by Paul Cardon
June 25, 2010

On the other hand, sliding vane pumps operate through the use of a number of vanes that are free to slide in or out of slots in the pump rotor when it is driven by the pump driver. The turning of the pump forces the vanes to move outward and ride against the inner bore of the pump casing, which forms pumping chambers in the process. As the rotor revolves, the fluid enters the pumping chambers from the suction port. The fluid is transported around the pump casing until it reaches the discharge port, where it is forced out into the discharge piping.

This design guarantees fixed displacement volume with minimal pressure variance, meaning that energy-wasting slippage and turbulence are minimized and high volumetric efficiency is maintained.

Pump-shaft sealing has traditionally been a problematic factor in sliding vane pump technology. Though often ignored, pump-shaft sealing can directly influence a pump's power consumption in a variety of ways:

  • By its basic design, the more friction a pump generates, the more of a "power eater" it will be. From that standpoint, shaft packing is a less-efficient solution.
  • In many cases, a pump's shaft-sealing system may need additional cooling, either by a separate fluid (a mechanical seal flush, for instance) or by diverting part of the pumped liquid flow (magnetic drive). This additional cooling requires more energy to work and decreases the pump's energy efficiency.
  • Most of the shaft-sealing solutions are heat generators and can dry-run for only short periods of time, or even not at all. When choosing a pump-shaft seal, this parameter must be mastered, especially in a potentially explosive atmosphere. Therefore, temperature sensors, flowmeters and power monitoring often have to be added, which generate other energy-consumption concerns.

When shaft packing or a basic mechanical seal cannot be used in a pump's design, the main alternatives are a double-flushed mechanical seal, magnetic drive and sealless drive.

Seal of Approval

A line of sliding vane pumps now exist that are not based on magnetic drive, but on a sealless leak-free design that features no magnets, mechanical seals or packing.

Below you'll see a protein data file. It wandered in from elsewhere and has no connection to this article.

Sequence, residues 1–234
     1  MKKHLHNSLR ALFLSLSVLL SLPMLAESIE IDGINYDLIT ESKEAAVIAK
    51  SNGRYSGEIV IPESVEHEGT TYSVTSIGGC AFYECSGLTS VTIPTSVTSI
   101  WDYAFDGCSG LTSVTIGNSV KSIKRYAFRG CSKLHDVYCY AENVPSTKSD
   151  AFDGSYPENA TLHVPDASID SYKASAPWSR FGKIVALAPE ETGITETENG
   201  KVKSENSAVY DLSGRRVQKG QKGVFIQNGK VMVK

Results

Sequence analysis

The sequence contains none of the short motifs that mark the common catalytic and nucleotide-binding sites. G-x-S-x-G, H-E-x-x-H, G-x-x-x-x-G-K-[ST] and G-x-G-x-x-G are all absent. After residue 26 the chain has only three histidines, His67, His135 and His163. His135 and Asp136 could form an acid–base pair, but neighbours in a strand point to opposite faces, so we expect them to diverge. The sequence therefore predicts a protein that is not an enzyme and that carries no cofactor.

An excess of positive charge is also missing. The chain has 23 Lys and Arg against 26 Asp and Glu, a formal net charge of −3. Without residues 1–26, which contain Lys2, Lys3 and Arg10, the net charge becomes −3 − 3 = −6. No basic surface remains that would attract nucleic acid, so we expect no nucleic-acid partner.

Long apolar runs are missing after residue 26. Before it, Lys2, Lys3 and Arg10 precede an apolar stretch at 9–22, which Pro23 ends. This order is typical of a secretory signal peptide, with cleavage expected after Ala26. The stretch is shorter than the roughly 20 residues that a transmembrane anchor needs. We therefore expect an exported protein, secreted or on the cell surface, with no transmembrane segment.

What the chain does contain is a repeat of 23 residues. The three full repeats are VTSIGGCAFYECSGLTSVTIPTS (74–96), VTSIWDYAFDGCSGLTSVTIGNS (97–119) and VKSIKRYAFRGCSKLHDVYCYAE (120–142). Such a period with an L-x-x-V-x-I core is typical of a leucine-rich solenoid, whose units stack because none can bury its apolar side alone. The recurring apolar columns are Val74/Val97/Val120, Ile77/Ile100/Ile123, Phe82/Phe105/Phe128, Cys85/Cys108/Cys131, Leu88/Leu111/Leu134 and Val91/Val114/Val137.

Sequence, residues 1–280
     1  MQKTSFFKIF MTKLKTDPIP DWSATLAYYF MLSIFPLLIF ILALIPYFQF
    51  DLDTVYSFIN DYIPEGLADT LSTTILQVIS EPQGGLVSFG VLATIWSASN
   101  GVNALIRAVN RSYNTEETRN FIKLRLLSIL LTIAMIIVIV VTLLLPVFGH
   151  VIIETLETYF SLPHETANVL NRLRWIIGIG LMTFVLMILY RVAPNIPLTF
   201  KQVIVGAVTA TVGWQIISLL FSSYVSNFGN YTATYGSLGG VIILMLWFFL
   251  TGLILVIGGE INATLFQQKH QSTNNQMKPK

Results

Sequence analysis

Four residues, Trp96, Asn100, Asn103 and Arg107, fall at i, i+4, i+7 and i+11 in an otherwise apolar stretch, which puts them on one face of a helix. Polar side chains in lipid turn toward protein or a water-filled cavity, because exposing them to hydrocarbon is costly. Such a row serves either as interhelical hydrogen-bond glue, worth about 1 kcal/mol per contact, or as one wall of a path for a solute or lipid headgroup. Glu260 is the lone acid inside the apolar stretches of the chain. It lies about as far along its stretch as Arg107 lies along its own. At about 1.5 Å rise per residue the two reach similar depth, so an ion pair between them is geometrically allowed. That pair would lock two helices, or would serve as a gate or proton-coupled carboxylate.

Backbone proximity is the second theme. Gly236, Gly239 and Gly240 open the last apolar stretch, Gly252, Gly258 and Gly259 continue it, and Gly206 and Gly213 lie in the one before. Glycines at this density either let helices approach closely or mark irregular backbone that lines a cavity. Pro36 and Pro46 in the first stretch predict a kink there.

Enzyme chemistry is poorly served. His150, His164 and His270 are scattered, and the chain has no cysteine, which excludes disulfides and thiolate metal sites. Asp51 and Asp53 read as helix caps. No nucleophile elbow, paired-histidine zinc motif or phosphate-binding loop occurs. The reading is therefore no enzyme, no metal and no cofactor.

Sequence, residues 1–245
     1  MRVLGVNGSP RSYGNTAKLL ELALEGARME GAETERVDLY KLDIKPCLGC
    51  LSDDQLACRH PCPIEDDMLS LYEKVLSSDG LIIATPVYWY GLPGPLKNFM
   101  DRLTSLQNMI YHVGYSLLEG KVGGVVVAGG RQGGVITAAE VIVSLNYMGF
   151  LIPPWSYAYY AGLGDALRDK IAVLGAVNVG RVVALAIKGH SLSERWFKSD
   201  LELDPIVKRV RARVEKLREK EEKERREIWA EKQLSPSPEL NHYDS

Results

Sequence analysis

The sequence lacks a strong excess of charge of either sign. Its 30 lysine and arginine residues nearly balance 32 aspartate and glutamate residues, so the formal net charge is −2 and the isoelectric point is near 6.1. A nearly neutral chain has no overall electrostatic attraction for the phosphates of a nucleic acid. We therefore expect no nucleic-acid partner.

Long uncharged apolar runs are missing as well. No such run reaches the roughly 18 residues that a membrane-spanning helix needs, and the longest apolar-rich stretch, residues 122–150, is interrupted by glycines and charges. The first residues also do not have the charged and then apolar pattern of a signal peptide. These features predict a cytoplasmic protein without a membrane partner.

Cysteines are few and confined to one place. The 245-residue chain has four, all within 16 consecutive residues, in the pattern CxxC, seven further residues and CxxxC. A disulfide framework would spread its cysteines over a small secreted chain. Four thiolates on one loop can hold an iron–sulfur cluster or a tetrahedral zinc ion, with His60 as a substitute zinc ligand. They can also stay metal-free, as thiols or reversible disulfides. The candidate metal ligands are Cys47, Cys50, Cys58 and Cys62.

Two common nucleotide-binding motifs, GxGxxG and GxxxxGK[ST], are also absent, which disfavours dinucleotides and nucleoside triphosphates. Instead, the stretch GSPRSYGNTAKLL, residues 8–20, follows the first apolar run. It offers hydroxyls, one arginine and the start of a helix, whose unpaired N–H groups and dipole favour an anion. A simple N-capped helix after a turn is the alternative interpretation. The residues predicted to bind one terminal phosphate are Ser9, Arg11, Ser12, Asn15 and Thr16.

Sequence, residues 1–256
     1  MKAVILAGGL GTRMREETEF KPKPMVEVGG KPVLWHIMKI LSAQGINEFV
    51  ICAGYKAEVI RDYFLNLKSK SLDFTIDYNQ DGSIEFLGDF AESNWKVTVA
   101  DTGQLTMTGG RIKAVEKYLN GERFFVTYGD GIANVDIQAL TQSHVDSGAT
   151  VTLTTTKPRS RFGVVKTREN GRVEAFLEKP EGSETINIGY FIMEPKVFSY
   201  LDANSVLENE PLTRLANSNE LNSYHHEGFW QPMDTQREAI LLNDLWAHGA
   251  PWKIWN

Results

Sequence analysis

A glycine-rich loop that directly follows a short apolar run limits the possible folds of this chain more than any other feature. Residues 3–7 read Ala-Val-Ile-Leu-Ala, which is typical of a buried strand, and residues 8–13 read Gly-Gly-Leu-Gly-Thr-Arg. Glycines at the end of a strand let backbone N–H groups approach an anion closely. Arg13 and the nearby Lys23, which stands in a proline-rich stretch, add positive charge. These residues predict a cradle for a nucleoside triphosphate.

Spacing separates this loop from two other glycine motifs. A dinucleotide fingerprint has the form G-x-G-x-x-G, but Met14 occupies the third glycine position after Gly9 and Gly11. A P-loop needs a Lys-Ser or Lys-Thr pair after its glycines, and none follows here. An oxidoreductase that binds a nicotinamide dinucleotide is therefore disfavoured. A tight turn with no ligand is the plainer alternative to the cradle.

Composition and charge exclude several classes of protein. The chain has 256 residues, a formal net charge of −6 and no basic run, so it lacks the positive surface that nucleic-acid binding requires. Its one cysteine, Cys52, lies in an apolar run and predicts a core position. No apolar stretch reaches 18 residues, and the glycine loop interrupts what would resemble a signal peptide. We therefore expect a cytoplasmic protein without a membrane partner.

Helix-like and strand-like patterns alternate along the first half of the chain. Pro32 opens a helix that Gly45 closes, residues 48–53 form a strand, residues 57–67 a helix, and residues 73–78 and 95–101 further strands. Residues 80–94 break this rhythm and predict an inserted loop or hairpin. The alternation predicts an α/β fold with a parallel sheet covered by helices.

Instead of magnets, the pumps have a double stainless-steel bellows that houses an eccentric shaft. This shaft, which a crank system rotates, drives the bellows in a circular movement. This design and operation addresses each of the concerns of shaft-sealing mentioned above:

  • The sealless drive is needle/roller-bearing mounted with separate sources of lubrication, meaning that frictions are reduced to a minimum.
  • The pump's entire flow rate crosses the sealless drive chamber, meaning that the shaft does not need any additional cooling, while none of the flow rate is diverted.
  • In most cases, power monitoring is not necessary. An optional temperature sensor can be added in extreme cases.







On the sealless drive vane pump, the bellows houses an eccentric shaft. This shaft, which a crank system rotates, drives the bellows in a circular movement.

The result is a decrease in energy consumption with a corresponding increase in operational efficiency, all without added installation complexity. Compared to magnetic drive pumps, these pumps create up to a 40 percent reduction in absorbed power and up to a 20 percent higher return in energy efficiency.



















Table 1


















Table 2

Conclusion

Sliding vane technology is used worldwide to reduce energy cost and consumption, and create a more efficient pumping system. Sliding vane technology has been taken to the next level with the introduction of sealless drive technology.

 

Pumps and Systems, July 2010

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